New Genes Linked to Restless Legs Syndrome
Genes May Play Role in Common Neurologic Disorder
July 15, 2011 -- A newly identified set of genes may play a role in restless legs syndrome.
Researchers have found two new genetic regions associated with an increased risk of restless legs syndrome (RLS). People with specific genetic variations in these regions or other previously identified genes linked to RLS are more likely to develop the disorder.
Restless legs syndrome is one of the most common neurological disorders, affecting up to 10% of people over age 65. The condition causes tingling, prickling, and numbness in the legs with an urge to move them that occurs mainly when the body is at rest, usually at night.
These symptoms can only be relieved through movement, which frequently leads to chronic sleep loss, daytime sleepiness, and depression.
New Genetic Link for RLS
In the study, published in PLoS Genetics, researchers compared the genes associated with restless legs syndrome in 922 people with the disorder and a comparison group of 1,526 healthy people. They then replicated their findings of 76 potential candidate genes in 3,935 people with restless legs syndrome and 5,754 healthy people.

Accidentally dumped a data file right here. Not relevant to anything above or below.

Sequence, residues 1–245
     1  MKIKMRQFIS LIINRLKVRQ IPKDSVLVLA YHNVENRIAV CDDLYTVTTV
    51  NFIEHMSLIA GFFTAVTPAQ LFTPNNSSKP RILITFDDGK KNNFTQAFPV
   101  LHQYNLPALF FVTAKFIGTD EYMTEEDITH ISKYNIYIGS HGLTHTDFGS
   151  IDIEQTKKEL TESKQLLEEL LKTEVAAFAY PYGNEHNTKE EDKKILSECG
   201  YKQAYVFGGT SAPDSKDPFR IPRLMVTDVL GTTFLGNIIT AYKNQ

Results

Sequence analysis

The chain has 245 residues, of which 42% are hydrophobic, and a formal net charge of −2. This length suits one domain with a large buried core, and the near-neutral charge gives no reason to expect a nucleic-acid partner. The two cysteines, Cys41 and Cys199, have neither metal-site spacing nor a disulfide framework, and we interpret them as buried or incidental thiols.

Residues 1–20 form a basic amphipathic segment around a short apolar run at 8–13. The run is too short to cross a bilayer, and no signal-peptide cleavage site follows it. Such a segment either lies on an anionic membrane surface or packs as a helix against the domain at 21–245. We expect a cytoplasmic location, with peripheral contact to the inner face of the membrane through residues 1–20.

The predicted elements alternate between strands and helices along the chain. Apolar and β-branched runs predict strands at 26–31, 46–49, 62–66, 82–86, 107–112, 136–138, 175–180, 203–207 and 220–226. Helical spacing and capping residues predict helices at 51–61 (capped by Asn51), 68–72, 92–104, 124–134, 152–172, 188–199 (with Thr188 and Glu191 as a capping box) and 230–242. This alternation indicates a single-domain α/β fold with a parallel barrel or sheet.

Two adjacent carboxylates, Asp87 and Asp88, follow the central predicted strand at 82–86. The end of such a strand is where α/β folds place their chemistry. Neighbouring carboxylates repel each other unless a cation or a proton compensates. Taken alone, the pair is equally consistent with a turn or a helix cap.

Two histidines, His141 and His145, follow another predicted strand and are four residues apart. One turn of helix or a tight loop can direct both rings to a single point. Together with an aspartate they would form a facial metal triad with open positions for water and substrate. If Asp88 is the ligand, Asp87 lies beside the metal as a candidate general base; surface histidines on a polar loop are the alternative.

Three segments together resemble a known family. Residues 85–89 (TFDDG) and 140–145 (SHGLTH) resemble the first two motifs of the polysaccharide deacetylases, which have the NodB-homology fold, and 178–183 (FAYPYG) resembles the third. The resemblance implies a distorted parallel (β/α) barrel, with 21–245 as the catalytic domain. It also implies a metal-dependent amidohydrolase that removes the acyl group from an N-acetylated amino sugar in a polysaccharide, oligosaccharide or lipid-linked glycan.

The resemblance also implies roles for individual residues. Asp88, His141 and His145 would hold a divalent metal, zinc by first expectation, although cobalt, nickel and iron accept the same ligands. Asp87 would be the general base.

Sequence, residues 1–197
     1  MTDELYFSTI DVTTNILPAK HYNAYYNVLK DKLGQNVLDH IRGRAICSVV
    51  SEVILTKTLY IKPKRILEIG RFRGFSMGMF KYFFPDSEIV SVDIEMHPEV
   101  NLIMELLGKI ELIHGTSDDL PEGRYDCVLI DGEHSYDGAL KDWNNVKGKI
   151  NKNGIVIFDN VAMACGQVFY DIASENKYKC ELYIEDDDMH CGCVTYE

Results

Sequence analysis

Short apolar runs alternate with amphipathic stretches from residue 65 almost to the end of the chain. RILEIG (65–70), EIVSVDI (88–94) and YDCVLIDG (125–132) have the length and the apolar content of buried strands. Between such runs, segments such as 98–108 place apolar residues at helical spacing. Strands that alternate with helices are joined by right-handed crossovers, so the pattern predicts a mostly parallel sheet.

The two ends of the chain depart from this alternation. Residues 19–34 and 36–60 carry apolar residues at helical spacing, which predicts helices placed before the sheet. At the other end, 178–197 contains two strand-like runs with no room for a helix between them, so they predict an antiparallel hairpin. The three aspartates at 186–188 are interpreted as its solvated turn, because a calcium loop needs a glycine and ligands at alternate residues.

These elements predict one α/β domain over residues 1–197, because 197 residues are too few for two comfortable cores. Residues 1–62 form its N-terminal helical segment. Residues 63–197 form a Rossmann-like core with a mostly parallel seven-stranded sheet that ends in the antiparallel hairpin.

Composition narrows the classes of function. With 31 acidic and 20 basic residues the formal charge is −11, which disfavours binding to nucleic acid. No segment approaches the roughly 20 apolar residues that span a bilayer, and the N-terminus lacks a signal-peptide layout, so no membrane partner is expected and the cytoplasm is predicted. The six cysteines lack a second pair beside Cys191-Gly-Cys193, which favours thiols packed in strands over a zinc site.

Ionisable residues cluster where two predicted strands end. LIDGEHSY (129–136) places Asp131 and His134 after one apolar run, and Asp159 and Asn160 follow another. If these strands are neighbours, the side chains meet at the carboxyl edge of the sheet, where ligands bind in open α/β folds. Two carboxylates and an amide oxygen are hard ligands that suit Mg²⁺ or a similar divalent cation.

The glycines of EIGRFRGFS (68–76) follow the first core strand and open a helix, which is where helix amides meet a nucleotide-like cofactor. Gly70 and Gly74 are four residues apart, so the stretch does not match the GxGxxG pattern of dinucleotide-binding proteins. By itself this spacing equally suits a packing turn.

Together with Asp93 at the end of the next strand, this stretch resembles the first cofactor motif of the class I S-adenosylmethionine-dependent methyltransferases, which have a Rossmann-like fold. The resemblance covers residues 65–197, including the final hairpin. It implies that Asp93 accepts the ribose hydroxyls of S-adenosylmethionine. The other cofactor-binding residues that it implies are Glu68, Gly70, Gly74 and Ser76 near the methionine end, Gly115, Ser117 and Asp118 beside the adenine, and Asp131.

That narrowed the results to six genetic regions associated with an increased risk of developing restless legs syndrome. Four of these mutations have been previously reported, and two are new.
One of the newly identified genetic regions, TOX3, is involved in regulating brain activity. Previous studies have shown that increased levels of the TOX3 protein protects brain cells from cell death, but the link between TOX3 and restless legs syndrome is not clear.
Researcher Juliane Winkelmann of the Institute of Human Genetics in Munich, Germany, and colleagues say the findings will help enable further research into the causes of restless legs syndrome and developing new treatments.